A few years back I had just such a thing happen. My Client, who I had represented for his DUI’s in years past, had come to know me well. He was completely comfortable and at-ease with me, and we prepared for his License Appeal based upon his AA attendance. In truth, this guy really was into AA, and I completely believe that he was not only going to meetings, as he indicated, but was also sober, and committed to remaining sober.
So, after we had spent a few hours together in preparation for his Hearing, I figured he’d do just fine. Instead, at the Hearing, when the Hearing Officer asked him questions, especailly about AA, he lapsed into a panic, and despite being, for all intents and purposes, “Mr. AA,” he couldn’t recite one single step of the 12 in AA. The Hearing was a disaster. I couldn’t imagine what had happened to my Client, who, only days before, seemed ready and able to answer any question I threw at him.
Later, I received a call from his mother, apologizing, on his behalf, for not letting me know beforehand that he had a pretty bad case of ADD (Attention Deficit Disorder) which could (and did) result in his losing focus and not being able to remember what he really did know. She explained that while sitting with me, he was relaxed and able to focus, but the nervousness he felt in that Hearing Room overcame him and knocked him off track.
Had I know that before, it would have changed the way we conducted the Hearing. As it was, he just came off as a guy who said he went to AA, but didn’t know any of the things that a person who regularly attends would.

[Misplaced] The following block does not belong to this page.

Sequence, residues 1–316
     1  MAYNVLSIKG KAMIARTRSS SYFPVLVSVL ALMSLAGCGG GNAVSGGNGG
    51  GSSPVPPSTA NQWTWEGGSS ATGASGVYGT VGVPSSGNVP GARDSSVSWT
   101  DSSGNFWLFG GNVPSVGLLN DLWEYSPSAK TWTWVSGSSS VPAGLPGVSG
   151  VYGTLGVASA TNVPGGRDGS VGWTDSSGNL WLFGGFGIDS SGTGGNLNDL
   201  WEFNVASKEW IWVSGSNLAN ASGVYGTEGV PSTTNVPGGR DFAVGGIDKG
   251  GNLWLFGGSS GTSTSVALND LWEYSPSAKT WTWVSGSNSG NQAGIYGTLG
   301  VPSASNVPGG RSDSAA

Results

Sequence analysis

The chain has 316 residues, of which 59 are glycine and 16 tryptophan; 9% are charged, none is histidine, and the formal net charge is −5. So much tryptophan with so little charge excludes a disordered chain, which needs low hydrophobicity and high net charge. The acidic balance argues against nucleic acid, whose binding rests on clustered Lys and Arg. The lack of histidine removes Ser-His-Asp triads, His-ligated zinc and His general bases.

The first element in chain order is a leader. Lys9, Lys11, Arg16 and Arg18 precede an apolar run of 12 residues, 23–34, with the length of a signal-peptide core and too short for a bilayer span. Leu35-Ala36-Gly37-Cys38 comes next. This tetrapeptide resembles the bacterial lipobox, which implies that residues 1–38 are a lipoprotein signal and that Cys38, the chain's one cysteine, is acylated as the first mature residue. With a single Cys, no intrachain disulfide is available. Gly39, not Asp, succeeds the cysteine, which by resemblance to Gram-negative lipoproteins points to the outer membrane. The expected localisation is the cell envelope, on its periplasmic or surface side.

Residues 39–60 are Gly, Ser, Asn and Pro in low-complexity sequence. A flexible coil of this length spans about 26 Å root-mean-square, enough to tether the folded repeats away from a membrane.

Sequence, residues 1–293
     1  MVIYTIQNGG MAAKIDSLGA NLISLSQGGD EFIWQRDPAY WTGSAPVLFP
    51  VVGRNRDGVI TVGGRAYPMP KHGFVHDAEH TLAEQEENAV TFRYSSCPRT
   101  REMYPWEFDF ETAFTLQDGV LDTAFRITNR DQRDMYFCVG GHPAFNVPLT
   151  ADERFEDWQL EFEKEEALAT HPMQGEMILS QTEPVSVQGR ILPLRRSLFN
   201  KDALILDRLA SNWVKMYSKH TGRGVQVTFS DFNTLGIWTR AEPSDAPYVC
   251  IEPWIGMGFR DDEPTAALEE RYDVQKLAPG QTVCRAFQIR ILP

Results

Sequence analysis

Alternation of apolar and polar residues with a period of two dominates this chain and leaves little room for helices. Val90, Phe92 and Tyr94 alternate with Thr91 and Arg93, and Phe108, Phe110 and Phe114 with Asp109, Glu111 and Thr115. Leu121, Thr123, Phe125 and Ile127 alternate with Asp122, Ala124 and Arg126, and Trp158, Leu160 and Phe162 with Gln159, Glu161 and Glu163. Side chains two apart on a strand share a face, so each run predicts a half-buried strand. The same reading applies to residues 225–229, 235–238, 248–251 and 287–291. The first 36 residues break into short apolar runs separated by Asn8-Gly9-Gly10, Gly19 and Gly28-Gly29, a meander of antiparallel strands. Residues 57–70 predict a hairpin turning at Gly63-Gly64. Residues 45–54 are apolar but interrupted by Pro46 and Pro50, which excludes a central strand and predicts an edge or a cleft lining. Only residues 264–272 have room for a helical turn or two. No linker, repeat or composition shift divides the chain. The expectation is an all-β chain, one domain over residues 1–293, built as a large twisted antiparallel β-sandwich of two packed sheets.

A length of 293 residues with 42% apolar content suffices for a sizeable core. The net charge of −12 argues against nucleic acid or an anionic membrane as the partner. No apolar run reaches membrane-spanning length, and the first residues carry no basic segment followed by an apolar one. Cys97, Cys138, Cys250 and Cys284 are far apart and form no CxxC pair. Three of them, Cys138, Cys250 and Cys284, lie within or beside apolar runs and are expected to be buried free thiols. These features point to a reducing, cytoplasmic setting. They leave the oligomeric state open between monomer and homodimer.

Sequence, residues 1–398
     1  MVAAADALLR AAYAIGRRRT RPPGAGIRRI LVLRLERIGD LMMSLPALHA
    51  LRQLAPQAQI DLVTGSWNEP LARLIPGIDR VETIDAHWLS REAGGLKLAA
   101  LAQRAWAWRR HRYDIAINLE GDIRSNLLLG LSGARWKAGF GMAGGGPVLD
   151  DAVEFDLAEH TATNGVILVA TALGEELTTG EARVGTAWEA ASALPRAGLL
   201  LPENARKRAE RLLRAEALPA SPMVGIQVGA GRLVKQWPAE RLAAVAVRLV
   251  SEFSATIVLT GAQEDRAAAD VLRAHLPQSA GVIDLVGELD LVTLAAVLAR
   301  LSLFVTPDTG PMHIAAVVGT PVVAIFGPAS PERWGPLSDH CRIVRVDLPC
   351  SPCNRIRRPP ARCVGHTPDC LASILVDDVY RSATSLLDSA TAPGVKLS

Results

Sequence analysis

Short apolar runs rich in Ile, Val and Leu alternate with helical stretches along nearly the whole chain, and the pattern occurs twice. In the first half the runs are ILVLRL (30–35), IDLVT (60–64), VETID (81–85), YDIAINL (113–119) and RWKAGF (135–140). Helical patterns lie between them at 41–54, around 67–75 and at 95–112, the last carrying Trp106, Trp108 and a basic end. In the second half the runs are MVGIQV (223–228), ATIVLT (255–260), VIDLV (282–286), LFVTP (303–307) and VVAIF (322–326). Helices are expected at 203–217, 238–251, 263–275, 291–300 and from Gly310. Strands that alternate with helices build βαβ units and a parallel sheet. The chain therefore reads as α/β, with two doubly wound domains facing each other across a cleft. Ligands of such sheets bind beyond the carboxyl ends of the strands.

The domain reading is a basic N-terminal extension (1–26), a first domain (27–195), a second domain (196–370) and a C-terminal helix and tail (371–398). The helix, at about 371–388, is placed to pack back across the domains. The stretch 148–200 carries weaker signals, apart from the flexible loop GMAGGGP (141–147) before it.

This case is an example of how unexpected things can happen once the Hearing Room door closes. Making sure my Client is as well-prepared as possible, and will feel, during the Hearing, that they are on familiar ground, is the order of the day.
To do that, when my Client and I meet to prepare for the Hearing, I first begin with a brief explanation of how the Hearing itself will run. I tell my Clients what happens first, next, and so on. Then, we review their Substance Abuse Evaluation as well as their Letters of Support. We “frame” the Hearing by recalling exactly how the Hearing Officer views the Person Appealing (remember, “Habitual Offender“) and evaluates the evidence they have submitted (must be proof that’s “clear and convincing”). Only then will we begin the process of reviewing the questions that pretty much all Hearing Officers will be asking.
As we review that general set of questions, I help the Client return to their evidence so that their answers to those questions will be consistent. An old maxim by Mark Twain is perhaps the best guide here: “If you tell the truth, you don’t have to remember anything.” These general questions, asked in some form or another by all of the Hearing Officers cover a number of areas, including (but not limited to) the events surrounding the persons DUI arrests, the Sentences they received from the Courts, their drinking history, and when, why and how they eventually quit. In addition, they’ll be asked about any counseling or treatment they received, including any AA attendance, and what they learned from those things.
It is important for me not only to review the questions my Client will be hearing, but the answers they’ll be giving. I also think it’s equally important for the Client to hear their own answers. You don’t practice for a speech by just thinking about it; you practice by doing it in front of the mirror, or in front of someone. Given the stakes here, it’s not only advisable, but necessary, to practice and be well-prepared.
In the next installment, we’ll examine the questions and areas of interest that are unique to any individual Hearing Officer, and learn how to prepare for that.